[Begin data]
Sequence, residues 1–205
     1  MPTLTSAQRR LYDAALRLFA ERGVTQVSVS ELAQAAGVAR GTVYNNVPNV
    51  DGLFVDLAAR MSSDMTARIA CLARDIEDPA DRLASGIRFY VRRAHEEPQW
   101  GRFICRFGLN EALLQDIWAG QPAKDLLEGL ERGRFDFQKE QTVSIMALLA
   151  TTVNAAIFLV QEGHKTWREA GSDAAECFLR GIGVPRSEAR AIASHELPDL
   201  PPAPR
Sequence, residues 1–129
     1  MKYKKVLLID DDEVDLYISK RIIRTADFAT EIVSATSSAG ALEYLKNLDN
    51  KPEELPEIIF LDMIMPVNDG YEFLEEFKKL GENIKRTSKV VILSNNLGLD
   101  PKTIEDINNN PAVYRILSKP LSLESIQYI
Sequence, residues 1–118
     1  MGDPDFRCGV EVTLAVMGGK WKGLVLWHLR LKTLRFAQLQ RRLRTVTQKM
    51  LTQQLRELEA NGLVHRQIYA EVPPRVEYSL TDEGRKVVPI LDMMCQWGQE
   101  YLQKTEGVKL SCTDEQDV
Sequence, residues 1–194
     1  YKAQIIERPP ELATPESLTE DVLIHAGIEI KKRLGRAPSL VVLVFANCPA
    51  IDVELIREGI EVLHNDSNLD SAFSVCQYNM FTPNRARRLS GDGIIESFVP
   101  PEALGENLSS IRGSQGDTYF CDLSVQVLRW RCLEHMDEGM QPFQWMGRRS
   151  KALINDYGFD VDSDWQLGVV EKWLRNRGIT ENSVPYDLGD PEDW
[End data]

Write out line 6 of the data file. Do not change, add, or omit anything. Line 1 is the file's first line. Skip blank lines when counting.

   201  PPAPR